The purpose of this study was to report the prevalence, distribution, and severity of injuries to students before entering chiropractic college and to explore the possible demographic risk factors to these injuries.
A cross-sectional survey was administered to first-year chiropractic students (n = 255) of one chiropractic college. Survey questions were adopted from the Standardized Nordic and Outcome Assessment Health Status Questionnaires. Data were collected on severity and period of last perception of low back, hand/wrist (HW), and neck/shoulder (NS) injuries of the students before attending chiropractic college.
The response rate was 98.8% (N = 252), among which 66.7% were males. Injury prevalence to low back, HW, and NS before attending chiropractic college was 50.4%, 40.1%, and 53.2%, respectively. Of the respondents, 48.8% were overweight/obese and they were more likely to report injuries to HW (odds ratio, 2.10; 95% confidence interval, 1.25-3.51) and NS (odds ratio, 1.70; 95% confidence interval, 1.04-2.73) compared with those with normal weight. Among those with injuries, the mean body mass index for the females was significantly greater than for the males.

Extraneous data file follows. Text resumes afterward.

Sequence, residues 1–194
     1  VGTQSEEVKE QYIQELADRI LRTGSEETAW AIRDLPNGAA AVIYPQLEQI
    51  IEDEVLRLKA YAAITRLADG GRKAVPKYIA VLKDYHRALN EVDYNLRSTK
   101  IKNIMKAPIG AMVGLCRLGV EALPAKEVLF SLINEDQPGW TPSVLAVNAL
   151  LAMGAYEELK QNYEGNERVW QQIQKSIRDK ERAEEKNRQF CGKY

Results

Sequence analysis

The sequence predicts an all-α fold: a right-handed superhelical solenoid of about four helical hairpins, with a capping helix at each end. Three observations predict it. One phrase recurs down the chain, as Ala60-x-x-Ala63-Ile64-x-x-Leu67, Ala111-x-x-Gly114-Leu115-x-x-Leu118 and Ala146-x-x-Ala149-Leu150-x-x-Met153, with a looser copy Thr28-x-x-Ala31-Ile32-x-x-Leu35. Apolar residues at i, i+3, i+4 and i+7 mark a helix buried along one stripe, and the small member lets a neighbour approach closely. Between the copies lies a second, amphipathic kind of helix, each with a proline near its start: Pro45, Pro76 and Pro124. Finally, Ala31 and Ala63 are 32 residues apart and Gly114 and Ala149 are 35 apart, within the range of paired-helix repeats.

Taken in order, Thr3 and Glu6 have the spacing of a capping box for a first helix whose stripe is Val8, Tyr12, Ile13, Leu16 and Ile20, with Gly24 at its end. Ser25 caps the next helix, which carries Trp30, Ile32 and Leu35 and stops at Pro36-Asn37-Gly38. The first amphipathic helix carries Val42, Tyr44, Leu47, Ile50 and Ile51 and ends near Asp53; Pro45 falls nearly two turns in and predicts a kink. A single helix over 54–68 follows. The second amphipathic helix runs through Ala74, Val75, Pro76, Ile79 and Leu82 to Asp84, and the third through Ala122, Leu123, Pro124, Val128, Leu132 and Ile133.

This study identified a high prevalence of musculoskeletal injuries among students before attending this particular chiropractic college. Only a small percentage of those injuries were severe enough to impede normal daily work. From this study sample, it seems that males entering this chiropractic college tend to report more injuries than females. However, females with high BMI seemed to report more previous injuries.